Thanks to some high-profile negative publicity, retailers may assume that their customers would object to being tracked in store by Wi-Fi, GPS or beacons. In late 2012, Nordstrom installed Wi-Fi technology to monitor in-store customer movements. The upscale retailer ended the experiment after about six months, partly due to customer complaints. More recently, San Francisco-based coffee retailer Philz Coffee abandoned its customer tracking initiative after it received negative publicity. And a 2014 OpinionLab survey found that consumers “overwhelmingly reject” the idea of in-store tracking.
Contrary to all of this evidence, however, your shoppers may not object to being tracked—especially if the tracking provides them value. In-store tracking can be used to:
- Announce sales and promotions upon store entry.
- Help shoppers navigate directly to the product they’re looking for.
- Allow consumers to request help from a sales associate.
- Provide additional product information.
It’s Not Black and White
In a recent Marketing Land post, blogger Greg Sterling writes that he has analyzed “more than a dozen surveys” in which consumers were asked how they feel about being tracked in-store. He concludes that while consumers are concerned about location tracking, “in a retail environment, most consumers are willing to share personal data (including location) in exchange for rewards and benefits.”
Of course, tracking shoppers isn’t a new idea: video cameras (in-store) and cookies (online) have been used to follow shopper behavior for many years. As Sterling points out, however, the majority of consumers have not experienced in-store mobile tracking yet, so surveys about consumer attitudes on the subject “are mostly hypothetical.” And, as with any survey, the answers depend greatly upon the way questions are posed.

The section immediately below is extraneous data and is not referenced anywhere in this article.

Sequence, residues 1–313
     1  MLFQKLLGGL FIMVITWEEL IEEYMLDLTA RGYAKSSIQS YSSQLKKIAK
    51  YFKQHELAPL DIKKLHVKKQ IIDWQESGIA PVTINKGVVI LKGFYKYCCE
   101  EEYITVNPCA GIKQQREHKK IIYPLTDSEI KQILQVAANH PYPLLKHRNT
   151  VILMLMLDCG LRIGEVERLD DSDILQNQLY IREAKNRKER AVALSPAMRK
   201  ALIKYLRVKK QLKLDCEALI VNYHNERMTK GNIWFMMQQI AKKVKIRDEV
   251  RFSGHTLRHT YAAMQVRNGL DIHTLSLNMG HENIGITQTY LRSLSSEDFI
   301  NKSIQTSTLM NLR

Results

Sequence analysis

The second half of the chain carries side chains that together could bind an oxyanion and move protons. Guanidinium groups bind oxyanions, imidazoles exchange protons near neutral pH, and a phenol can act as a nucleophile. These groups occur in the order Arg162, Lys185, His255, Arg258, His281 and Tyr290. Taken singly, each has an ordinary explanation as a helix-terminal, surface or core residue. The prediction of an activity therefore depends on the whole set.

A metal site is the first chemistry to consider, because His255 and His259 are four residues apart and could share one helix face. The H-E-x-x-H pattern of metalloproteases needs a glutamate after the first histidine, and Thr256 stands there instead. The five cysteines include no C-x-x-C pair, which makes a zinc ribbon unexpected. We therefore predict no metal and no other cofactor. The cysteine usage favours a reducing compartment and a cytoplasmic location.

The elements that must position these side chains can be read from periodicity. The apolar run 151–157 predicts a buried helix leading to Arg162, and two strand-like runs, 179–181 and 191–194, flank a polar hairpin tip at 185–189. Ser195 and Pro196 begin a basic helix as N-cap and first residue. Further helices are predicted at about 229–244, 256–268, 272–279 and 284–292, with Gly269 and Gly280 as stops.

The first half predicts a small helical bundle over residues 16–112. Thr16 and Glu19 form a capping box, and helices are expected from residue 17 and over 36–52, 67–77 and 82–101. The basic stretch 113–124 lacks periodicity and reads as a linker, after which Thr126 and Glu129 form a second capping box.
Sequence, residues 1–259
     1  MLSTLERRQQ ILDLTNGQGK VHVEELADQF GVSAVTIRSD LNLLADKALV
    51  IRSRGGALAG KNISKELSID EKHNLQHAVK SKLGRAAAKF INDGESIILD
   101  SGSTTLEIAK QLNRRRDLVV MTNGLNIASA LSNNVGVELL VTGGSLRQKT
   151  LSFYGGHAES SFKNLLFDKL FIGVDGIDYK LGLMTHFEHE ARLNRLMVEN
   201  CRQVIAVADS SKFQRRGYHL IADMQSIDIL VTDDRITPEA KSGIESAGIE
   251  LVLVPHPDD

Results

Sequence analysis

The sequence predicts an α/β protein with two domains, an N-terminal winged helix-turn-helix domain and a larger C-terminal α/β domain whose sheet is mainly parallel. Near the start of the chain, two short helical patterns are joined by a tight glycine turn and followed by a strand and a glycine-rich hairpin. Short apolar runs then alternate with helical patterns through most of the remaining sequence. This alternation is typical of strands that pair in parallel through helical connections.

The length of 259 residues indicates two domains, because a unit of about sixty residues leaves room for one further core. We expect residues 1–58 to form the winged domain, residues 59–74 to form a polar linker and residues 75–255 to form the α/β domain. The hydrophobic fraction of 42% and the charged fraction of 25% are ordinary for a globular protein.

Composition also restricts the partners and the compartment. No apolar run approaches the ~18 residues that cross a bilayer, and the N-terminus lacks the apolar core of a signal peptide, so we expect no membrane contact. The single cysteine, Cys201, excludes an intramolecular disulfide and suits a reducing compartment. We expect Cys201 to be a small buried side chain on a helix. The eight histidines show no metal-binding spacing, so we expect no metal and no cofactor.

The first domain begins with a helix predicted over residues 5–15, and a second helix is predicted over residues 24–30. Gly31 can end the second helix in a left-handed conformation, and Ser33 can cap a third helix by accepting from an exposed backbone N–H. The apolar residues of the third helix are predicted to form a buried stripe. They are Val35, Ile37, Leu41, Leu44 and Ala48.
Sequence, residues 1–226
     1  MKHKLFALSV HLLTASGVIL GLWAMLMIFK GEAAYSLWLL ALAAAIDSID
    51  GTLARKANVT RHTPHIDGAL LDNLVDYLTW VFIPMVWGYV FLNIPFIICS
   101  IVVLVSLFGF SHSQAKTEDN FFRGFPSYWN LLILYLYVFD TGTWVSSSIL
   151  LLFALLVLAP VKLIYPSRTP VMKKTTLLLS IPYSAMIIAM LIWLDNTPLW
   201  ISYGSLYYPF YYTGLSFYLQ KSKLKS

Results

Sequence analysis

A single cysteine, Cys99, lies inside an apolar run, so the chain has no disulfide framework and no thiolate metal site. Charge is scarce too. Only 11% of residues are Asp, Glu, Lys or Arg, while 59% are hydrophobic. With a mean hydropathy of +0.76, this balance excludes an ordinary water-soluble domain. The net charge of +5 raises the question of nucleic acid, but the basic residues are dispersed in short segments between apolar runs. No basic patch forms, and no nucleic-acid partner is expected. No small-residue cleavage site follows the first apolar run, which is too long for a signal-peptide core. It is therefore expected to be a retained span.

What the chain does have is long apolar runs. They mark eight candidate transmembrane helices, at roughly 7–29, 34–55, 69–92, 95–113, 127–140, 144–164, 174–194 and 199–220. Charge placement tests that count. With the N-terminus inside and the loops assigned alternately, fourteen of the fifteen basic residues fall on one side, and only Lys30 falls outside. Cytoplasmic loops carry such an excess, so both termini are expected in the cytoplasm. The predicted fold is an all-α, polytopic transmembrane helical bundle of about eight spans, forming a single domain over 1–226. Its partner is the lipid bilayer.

Sterling polled 500 Android users via Google Consumer Surveys. He discovered that when you ask how consumers feel about in-store tracking without offering further context or explanation, the majority say they don’t like it. “But when you explain benefits or frame it favorably, the results change dramatically,” he writes.
For example, in his survey Sterling posed the question: “Some retailers are now tracking smartphone users’ visits to their stores. How do you feel about that?” Of those surveyed, 35.8 percent said they didn’t like the idea, while 26.5 percent said they “don’t mind.”
For comparison, Sterling also asked: “For rewards, discounts and better customer service, would you download a retail app and be open to receiving in-store offers?” The answer: 66.4 percent, by far the largest percentage, answered “yes.” Only 6.3 percent said “no.”
Consumers Want Tangible Benefits
An AdAge analysis of the OpinionLab survey referenced above notes that consumers “may be persuaded to participate [in being tracked in-store] if they receive something tangible in return.” In other words, “if retailers…focus on making the shopping experience better, consumers will learn firsthand that it’s absolutely worthwhile to give up some of their data.”
For more information about how you can leverage mobile apps and technology in stores, check out our blog post “Why Retailers Should Bet on Beacons.”